Does the Department of Labor’s (DOL)’s fiduciary rule work as a regulation? Let’s consider some applications of it:
A real estate agent is discussing with clients—a married couple with a baby on the way—how they might be able to finance the purchase of a new home. The wife asks whether they might be able to take a withdrawal from her 401(k) savings plan. The agent—who has some familiarity with the tax rules but none with the Employee Retirement Income Security Act’s (ERISA)’s fiduciary rules—says that, while there are some downsides to taking a withdrawal, it’s a buyer’s market, she thinks a house is a really good investment, and if they don’t have another option for the down payment, this could be a good idea. This “advice” makes the agent an ERISA fiduciary.
The real estate agent can explain, e.g., Tax Code hardship withdrawal rules but cannot say anything about the wisdom of a withdrawal without triggering fiduciary status. This treatment applies to any salesperson who will benefit (e.g., by receiving a commission or simply a salary) from recommending an investment in, e.g., a time share, a boat, or an expensive piece of furniture.
A call center operator suggests that a terminating participant should leave her money “in the system”—either in an IRA or a qualified plan—rather than take it in cash. By giving this (common sense) advice, the operator has triggered fiduciary status.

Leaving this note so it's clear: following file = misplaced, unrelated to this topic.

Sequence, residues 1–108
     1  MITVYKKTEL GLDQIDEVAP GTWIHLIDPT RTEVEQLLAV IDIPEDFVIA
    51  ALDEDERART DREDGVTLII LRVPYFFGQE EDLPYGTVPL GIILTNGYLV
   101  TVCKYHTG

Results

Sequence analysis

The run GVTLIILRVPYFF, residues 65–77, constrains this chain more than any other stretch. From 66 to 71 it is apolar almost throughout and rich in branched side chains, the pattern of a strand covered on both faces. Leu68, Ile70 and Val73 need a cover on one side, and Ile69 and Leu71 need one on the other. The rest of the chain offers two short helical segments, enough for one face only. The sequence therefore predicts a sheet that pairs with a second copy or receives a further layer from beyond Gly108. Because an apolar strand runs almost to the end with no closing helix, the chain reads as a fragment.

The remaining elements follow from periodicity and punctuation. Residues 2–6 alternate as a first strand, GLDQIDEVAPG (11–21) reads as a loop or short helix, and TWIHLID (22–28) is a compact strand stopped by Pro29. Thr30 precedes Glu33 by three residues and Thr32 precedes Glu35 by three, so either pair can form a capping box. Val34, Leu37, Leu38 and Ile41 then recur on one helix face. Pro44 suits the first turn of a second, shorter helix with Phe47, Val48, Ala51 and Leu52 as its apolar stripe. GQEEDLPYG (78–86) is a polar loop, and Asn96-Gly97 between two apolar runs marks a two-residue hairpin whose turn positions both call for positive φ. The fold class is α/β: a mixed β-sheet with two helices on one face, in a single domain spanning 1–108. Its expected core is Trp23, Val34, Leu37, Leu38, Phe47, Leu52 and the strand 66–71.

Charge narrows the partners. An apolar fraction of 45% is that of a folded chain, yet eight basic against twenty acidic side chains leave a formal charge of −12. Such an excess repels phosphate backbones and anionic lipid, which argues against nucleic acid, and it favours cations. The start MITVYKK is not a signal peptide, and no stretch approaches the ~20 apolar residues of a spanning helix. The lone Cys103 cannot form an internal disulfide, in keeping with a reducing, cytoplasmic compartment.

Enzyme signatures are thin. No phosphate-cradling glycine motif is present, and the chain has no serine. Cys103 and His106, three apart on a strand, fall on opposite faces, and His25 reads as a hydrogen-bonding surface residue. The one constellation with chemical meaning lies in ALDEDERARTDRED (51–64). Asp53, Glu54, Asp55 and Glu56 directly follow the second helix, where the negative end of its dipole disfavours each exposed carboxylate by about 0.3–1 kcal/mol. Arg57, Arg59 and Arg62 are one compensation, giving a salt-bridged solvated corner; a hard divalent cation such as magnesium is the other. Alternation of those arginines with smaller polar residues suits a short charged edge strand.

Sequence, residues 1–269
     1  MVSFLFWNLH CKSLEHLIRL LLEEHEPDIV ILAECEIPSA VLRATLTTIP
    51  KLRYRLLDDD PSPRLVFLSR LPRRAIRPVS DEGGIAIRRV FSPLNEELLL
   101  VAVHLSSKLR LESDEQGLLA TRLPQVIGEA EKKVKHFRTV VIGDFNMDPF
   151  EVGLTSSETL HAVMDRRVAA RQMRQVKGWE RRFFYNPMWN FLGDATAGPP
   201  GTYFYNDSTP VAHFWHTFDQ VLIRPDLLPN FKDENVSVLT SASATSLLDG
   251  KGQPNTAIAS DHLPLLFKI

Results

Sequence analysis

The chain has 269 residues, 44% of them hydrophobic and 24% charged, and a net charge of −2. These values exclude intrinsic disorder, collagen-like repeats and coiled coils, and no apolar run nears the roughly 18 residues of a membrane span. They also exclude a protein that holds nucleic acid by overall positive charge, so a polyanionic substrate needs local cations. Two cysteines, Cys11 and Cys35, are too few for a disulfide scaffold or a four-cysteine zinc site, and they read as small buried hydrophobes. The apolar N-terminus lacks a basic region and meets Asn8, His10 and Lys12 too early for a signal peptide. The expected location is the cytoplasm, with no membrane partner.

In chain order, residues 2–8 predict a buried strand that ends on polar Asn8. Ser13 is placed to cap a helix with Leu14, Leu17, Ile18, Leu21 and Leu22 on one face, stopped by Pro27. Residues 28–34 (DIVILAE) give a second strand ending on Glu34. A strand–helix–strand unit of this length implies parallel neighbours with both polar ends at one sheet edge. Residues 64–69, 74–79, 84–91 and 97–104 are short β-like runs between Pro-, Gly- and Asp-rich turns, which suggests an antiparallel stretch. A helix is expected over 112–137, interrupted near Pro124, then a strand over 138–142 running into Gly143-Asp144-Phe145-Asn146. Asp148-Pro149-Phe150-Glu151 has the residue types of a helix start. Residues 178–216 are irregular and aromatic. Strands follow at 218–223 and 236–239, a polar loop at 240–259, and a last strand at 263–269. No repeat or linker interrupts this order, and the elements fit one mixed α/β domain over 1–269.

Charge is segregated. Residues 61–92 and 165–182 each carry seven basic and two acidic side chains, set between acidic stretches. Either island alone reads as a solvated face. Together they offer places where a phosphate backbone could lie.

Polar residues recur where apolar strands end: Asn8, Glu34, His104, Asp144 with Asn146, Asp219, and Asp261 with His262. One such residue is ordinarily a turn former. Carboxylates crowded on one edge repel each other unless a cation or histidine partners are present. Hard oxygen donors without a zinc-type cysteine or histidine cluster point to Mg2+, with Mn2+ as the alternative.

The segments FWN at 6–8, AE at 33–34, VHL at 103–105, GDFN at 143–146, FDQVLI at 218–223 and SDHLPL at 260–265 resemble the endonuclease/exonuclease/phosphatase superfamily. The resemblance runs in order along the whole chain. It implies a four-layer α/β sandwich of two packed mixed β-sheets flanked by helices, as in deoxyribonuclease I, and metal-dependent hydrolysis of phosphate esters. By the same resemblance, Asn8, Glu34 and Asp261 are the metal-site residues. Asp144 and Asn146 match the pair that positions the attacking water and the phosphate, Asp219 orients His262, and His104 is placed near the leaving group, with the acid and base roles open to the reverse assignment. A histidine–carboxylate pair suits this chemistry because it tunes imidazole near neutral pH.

While the DOL has (after hearing many complaints on the issue) published guidance saying that recommending a plan contribution does not trigger fiduciary status, it has consistently said that any recommendation with respect to a distribution does trigger fiduciary status. It is unclear what ontological distinction DOL sees between contributions and distributions.
A sponsor employee whose job it is to explain the plan and plan investment options to participants is asked whether it’s a good idea to diversify by investing partly in each target-date fund tranche (e.g., 2020, 2030, 2040 and 2050). The sponsor employee says it is not. The sponsor employee is an ERISA fiduciary.
This obviously is investment advice provided by an individual (the sponsor employee) paid for giving such advice.
An individual walks into a brokerage firm and says, “I have $5,000 to save.” The broker suggests that the individual should consider contributing it to an IRA.
Until the most recent round of FAQs, most believed that this advice triggered fiduciary status. Currently, the broker can suggest contributing to an IRA, but she cannot make a recommendation about how the IRA should be invested. If the broker does not mention IRAs, however, she may recommend that the individual open a regular brokerage account and invest the $5,000 in, e.g., Facebook stock (provided SEC “know your customer” rules are complied with).